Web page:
How are you protecting yourself and your business from scammers and hackers?

Phone and email scams are on the rise and the scammers are getting increasingly sophisticated as they attempt to get their hands on your money or personal details.

What has become clear in both personal and professional situations is that scams succeed because they look like the real thing.

They catch you off-guard and when you’re not expecting it. They interrupt your work day, your evening meal and invade your personal space to break through your defences.

So, it pays to be alert and to protect yourself and your business from being scammed – and we here at MWM are no different.

We monitor phone calls and emails regularly for scams and viruses that could invade our computers, databases, email systems and secure networks, that could cause massive disruption to our business.

They simply cannot be ignored. We have to be increasingly proactive about security.

A recent alert by the Australian Taxation office (ATO) warned of a phone scam where scammers have been contacting members of the public by phone and pretending to be from the ATO.

The scammers then claim that there are outstanding tax debts and threaten people with arrest if the debt is not paid immediately.

This is nothing new and the ATO have sent out alerts almost monthly reporting similar scams and fraudulent activity. What is new are the tactics, which change to catch us when our guard is down.

Trust your instincts, be vigilant, be proactive and report potential scams

Some of our clients have been very quick to report receiving calls in the most recent scam attack, by notifying our office as well as the ATO about the alarming threats being made towards them.

We are appreciative to our clients for taking proactive steps to protect themselves and their businesses from these kinds of targeted attacks.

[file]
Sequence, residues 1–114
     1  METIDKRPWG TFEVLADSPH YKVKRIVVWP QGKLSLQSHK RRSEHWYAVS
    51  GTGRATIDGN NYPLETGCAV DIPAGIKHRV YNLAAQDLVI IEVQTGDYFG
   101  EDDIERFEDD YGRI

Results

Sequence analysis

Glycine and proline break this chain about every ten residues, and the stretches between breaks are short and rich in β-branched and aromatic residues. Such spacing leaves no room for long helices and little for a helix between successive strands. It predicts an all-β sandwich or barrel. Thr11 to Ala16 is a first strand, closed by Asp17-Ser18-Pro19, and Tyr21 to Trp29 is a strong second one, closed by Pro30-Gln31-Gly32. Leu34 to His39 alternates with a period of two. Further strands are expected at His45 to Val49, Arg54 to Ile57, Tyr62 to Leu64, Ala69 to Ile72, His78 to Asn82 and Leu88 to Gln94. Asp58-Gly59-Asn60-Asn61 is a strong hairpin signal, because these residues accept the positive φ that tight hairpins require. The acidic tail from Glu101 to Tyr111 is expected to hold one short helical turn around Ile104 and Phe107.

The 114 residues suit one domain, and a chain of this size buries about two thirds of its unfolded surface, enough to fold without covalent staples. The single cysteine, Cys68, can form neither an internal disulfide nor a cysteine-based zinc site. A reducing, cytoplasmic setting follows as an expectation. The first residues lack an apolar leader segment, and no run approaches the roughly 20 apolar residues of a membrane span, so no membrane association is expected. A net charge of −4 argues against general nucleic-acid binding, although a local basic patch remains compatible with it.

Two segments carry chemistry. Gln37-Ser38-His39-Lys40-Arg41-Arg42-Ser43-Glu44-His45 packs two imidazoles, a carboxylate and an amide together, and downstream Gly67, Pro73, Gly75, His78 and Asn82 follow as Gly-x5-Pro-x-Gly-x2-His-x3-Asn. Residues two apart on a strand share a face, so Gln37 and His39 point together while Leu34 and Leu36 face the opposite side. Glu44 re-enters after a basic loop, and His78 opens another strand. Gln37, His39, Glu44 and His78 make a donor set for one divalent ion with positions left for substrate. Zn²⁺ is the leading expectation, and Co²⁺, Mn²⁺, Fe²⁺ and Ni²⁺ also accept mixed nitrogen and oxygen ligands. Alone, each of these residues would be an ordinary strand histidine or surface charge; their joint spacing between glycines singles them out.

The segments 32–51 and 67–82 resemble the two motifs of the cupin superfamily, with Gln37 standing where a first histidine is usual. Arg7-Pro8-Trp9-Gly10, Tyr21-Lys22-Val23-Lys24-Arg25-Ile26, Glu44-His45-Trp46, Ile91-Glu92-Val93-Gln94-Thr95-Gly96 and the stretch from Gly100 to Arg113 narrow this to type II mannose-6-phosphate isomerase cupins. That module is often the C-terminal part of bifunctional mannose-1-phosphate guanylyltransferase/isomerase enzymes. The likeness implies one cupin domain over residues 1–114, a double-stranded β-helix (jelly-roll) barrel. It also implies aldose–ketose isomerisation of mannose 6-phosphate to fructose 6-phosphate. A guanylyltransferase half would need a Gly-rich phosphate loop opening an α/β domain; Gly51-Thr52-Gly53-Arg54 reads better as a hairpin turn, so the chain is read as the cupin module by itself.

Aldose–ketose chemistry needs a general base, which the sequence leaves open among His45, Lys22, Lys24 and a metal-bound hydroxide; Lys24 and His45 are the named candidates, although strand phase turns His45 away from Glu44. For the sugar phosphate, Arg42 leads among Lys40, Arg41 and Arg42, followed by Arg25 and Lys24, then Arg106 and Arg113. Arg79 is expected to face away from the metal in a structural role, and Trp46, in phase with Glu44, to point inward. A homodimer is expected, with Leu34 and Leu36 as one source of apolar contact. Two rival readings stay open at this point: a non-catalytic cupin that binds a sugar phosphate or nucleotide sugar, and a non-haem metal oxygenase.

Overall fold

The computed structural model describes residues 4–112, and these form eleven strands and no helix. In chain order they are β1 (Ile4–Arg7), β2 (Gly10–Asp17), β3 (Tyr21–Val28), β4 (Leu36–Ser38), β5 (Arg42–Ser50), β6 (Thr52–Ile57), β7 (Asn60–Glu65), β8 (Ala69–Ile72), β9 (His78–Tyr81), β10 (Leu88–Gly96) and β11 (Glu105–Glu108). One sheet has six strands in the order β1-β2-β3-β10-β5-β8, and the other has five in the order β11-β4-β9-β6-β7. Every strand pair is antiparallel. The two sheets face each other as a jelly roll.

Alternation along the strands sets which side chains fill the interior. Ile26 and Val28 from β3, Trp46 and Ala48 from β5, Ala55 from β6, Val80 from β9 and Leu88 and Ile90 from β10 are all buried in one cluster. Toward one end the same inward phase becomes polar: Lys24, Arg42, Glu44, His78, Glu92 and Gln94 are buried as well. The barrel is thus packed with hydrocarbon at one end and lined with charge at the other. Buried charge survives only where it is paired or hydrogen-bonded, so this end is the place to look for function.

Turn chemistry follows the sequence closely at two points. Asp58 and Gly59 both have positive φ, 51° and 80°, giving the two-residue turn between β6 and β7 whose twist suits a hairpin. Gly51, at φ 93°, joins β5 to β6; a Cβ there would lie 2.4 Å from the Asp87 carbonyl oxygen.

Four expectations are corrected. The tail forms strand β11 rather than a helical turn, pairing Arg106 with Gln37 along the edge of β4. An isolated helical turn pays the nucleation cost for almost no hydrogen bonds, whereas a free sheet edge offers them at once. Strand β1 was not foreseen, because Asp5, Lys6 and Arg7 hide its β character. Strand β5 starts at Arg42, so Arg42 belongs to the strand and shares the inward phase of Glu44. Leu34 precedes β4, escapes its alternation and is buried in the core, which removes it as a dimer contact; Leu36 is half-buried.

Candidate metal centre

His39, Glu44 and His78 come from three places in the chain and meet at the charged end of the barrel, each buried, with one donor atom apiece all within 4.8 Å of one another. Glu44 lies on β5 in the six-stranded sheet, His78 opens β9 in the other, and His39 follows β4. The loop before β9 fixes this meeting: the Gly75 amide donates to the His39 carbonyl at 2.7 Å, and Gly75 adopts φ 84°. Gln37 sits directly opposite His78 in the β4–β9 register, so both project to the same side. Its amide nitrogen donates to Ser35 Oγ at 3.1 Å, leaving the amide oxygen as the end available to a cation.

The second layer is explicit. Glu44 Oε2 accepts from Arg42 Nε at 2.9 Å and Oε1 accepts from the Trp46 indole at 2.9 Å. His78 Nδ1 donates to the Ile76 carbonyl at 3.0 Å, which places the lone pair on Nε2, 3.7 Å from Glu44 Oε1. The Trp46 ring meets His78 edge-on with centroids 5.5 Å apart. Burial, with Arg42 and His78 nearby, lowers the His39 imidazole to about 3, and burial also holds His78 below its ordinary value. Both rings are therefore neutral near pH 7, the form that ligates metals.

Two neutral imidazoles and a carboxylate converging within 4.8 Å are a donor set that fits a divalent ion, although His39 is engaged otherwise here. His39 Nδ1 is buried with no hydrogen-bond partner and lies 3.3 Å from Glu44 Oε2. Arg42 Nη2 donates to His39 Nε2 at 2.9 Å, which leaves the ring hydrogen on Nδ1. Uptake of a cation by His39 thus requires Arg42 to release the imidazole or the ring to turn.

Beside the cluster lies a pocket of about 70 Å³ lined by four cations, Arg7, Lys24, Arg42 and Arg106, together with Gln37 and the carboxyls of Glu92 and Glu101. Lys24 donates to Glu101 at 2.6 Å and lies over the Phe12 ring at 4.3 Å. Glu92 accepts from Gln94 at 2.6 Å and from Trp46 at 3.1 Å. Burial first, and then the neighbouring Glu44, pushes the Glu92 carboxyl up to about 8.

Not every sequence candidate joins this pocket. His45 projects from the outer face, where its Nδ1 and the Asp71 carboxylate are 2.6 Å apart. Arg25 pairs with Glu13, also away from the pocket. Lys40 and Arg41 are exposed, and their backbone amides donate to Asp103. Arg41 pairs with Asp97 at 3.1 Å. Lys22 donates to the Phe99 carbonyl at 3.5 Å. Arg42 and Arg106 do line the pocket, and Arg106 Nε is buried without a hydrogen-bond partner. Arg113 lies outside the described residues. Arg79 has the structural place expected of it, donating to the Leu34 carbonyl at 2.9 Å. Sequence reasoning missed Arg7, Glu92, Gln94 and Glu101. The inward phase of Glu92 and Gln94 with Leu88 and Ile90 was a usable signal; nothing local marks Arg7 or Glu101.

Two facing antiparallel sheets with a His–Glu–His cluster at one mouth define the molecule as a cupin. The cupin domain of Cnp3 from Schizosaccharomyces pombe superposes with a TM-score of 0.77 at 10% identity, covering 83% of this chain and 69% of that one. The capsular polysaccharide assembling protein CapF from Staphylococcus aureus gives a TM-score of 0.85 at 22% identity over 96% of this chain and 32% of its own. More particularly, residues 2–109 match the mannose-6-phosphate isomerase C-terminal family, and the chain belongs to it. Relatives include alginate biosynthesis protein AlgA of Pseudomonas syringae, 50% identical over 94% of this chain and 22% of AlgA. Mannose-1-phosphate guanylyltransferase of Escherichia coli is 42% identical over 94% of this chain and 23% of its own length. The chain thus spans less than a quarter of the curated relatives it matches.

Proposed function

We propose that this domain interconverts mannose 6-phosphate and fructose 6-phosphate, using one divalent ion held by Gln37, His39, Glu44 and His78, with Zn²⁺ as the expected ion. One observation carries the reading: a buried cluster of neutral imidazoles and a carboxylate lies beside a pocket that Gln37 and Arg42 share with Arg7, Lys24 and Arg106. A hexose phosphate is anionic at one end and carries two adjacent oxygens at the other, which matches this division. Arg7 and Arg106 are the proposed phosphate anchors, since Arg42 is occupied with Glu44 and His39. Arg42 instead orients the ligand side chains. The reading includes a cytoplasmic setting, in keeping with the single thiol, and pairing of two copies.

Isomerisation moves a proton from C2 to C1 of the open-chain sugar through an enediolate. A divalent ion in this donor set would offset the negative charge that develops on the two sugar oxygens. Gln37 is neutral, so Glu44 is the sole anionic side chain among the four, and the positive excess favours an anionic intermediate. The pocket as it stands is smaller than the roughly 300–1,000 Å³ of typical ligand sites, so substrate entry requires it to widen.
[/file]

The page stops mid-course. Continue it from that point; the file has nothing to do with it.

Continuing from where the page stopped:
We were able to inform our clients that if they do receive any calls that they are are not sure of, especially if claiming to be an organisation such as the ATO, they should feel free to instruct the caller to contact their ATO registered tax agent on file, which the ATO will obviously have on file.

A legitimate ATO representative will be able to see our contact details on your personal and business account.

Sure, that’s easy for us to say, but when you are caught on the hop and threatened in such a way as these current scammers are doing, it is easy to get caught up in the moment and react against your own best understandings.

The ATO’s alert suggested that scammers were taking a more sophisticated approach to fooling people into divulging private information and have provided the following helpful tips to identify scam calls:

A legitimate caller from the ATO will never:

  1. 1. Threaten you with arrest
  2. 2. Demand immediate payment, particularly through unusual means such as bitcoin, pre-paid credit cards or gift cards
  3. 3. Refuse to allow you to speak with a trusted advisor or your regular tax agent
  4. 4. Present a phone number on caller ID

There’s no one group of people who are more likely than others to become a victim of a scam, all of us may be vulnerable to a scam at some time.